Envisioning a World Without Single-Use Goods
Stojo began its journey to market on Kickstarter with a 12-ounce version that provided a welcome alternative to throwing out a single-use cup at the end of every coffee break. In 2018, Stojo’s introduced straws to its 16-oz. cup, and, in 2019, its 8-ounce and 24-ounce models joined the product line, as did a collapsible water bottle.
And each one of its stylish variations serves the same, motivating purpose of reducing waste.
“If you’re just buying one coffee a day, which is pretty normal, you’re saving like 300 or 350 coffee cups every single year,” Swarts said. “If you’re a person like me, who had a three or four cup-a-day habit, that number goes to like 1,000-plus cups of coffee every year you’re not throwing away.”
Swarts, speaking from personal — and anecdotal — experience, said using Stojo helps consumers become more aware of their consumption of other single-use products. By realizing how many cups they’re not throwing away, they come to realize how many plastic utensils, water bottles, and other products they are throwing out.
And Swarts said he hopes that awareness inspires a more significant shift in consumer consciousness.
“If you think back to the 1950s, you saw doctors and nurses smoking cigarettes in hospitals. Now, if you saw somebody doing that, you’d think they were crazy,” Swarts said. “Our ultimate vision is to bring about a habit change among consumers where, eventually, nobody’s going to be using single-use plastics to eat or drink.”
Users Can Save a Little Cash on Coffee
When people walk into a coffee shop or up to a kiosk with their own cup, that’s one less disposable cup used — and one less cup cutting into that establishment’s bottom line. But it can also save customers money — both immediately and in the long run.
In 2000, Starbucks estimated that disposable packaging for coffee cost about 15 cents. For every cup, lid, and heat sleeve it didn’t have to furnish their customers, the company saved 15 cents. Obviously, over 20 years, prices have risen, making single-use coffee cups an even larger line-item in these businesses’ budgets.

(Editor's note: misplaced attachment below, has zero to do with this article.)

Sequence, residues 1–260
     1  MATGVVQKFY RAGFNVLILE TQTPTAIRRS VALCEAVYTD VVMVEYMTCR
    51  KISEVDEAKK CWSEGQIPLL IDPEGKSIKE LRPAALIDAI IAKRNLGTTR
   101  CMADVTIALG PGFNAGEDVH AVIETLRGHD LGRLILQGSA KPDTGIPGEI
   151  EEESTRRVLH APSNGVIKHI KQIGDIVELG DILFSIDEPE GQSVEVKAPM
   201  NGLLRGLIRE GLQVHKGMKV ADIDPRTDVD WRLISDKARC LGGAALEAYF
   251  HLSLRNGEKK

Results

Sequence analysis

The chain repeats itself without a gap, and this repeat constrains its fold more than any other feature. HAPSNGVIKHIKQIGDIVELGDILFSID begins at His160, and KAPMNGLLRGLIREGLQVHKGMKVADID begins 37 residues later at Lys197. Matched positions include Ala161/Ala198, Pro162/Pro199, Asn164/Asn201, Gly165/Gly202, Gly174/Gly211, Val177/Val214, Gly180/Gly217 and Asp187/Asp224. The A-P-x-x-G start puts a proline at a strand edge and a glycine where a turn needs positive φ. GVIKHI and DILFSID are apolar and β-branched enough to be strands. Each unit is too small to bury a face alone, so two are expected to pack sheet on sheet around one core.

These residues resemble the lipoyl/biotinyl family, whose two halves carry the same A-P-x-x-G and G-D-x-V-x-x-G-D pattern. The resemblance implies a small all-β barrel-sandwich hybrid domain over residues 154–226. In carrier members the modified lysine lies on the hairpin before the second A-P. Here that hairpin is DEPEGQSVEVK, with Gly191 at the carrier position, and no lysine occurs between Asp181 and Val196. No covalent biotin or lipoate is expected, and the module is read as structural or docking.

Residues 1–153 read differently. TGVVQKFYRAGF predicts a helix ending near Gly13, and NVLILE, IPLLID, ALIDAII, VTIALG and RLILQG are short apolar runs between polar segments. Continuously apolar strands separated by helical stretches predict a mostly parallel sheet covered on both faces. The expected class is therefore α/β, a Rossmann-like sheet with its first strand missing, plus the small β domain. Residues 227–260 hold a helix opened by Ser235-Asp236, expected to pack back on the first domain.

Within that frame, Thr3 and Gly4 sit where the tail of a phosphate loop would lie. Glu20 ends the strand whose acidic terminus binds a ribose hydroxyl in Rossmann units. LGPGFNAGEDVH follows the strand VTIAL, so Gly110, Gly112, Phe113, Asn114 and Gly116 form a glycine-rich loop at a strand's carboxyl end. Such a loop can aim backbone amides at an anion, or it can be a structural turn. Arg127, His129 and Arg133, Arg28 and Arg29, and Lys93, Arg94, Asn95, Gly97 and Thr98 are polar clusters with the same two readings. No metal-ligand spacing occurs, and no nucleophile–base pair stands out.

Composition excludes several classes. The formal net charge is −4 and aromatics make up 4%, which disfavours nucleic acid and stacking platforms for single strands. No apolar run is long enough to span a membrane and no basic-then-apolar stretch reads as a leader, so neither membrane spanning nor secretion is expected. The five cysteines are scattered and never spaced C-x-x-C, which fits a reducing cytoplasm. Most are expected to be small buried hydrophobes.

That means reusable cups are not only good for the environment, but they can also reduce your favorite coffee shop/stand’s total overhead costs. And they often pass those savings on to their ecologically minded and financially conscious customers.
“Most places — when you bring your own cup — will give you a discount on your coffee,” Swarts said. “You’ll get anywhere from 10 to 50 cents off, and some places will charge you the cost of a small coffee for a large, so you actually can save dollars whenever you do it. We calculated that, if you have a daily coffee habit, it only takes about two months (for the Stojo cup) to pay for itself, and after that, it’s all upside.”
Stojo: On a Mission to Ensure Customer Satisfaction
But people don’t need to be professional coffee connoisseurs to appreciate the value of a Stojo cup.
“The product has a lot of utility,” Swarts said.
In 2020, Stojo plans to develop on-the-go food containers for both adults and kids. These new products will offer the same benefits as drink containers: portability, easy storage, and leak prevention.
Of course, problems and accidents inevitably arise, even with the most meticulously designed and manufactured products. But if consumers ever experience an issue with their Stojo, the full-time customer service team is standing by to help.
“We’ve been conscious about having our customer service team in-house and capturing the spirit, feeling, tone, and voice of Stojo,” Swarts said. “We’re all about customer service. If anything goes wrong with your cup, we fix it for you — whether that means sending a replacement or giving your money back. That’s what we do. Once we have a customer, we want to delight them.”